A migraine headache is more than just a regular headache. It causes intense pain, nausea and other symptoms.
It is a complicated medical condition and it is caused by many factors. Everyone has their individual triggers, which are different elements in their environment or lifestyle that can bring on a migraine attack.
Everyone’s triggers are different. Learn more about migraine triggers and what you can do to manage them.
Experts aren’t sure what causes a migraine.
It is believed to be caused by abnormal brain activity affecting the nerve cells, blood vessels and chemicals in the brain.
There is some evidence that this abnormality is related to genetic factors. You may have a family member who struggles with migraine if you have it.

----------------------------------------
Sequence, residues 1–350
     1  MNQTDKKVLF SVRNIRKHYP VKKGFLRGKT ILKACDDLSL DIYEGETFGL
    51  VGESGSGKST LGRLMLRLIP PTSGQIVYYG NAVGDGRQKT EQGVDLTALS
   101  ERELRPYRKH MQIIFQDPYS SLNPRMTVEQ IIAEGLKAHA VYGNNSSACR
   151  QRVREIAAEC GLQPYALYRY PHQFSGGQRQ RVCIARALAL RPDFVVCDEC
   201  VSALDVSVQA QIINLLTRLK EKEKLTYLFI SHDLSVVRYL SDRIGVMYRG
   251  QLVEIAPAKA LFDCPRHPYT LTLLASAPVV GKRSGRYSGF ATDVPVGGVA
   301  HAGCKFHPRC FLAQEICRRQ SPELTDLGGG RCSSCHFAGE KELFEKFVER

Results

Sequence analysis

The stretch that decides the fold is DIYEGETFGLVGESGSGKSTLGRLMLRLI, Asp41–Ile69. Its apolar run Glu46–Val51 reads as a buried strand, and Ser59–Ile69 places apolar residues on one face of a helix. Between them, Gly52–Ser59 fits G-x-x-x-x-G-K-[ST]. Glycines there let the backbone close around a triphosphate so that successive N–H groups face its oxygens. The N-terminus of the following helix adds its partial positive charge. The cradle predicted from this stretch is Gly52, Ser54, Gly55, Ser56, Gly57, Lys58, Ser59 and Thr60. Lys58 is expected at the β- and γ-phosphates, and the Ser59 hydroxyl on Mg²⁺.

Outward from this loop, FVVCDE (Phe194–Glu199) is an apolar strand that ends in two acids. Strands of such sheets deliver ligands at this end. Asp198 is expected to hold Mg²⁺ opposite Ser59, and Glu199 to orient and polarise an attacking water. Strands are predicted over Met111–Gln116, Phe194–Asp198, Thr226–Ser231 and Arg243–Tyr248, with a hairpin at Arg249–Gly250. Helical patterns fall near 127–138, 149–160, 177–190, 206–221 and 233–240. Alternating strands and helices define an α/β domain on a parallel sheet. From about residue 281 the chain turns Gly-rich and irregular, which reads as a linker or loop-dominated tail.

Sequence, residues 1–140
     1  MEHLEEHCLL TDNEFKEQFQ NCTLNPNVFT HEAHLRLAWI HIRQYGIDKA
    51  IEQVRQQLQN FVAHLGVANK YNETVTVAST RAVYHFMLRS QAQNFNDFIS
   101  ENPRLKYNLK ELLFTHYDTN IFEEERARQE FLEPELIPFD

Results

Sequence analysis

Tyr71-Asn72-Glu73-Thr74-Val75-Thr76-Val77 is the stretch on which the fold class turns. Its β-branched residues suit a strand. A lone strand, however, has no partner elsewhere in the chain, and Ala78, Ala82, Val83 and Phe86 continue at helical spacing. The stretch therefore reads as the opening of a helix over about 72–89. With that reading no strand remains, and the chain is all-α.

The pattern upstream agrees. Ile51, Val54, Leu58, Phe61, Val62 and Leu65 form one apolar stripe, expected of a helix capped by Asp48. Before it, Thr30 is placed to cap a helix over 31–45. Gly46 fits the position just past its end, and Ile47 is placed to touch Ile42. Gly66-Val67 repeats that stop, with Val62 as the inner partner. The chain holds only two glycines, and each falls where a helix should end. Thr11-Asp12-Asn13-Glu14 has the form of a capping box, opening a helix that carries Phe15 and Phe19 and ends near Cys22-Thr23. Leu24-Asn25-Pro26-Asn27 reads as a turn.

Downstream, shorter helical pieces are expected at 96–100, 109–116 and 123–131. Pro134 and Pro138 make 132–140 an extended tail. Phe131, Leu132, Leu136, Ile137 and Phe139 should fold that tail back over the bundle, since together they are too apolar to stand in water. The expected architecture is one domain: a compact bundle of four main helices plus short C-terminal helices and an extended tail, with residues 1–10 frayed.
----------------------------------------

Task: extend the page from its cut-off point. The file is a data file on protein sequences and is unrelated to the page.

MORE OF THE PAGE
People at risk of migraines are more sensitive to certain stimuli, especially during the early stages of an attack. It could be environmental factors like light or weather or could be related to your lifestyle (e.g. your diet).
These triggers can cause a migraine attack. It can occur anywhere from 6 hours to 2 days after you encounter a trigger.
Understanding and identifying your triggers is the key to preventing migraines. So, below is a comprehensive list of triggers and how to avoid them.
The most common and troublesome triggers are the ones you can’t control. Below are some of the types of triggers that can occur around you.
Light sensitivity (photophobia) is a common symptom of migraine attacks. However, light can also be a trigger.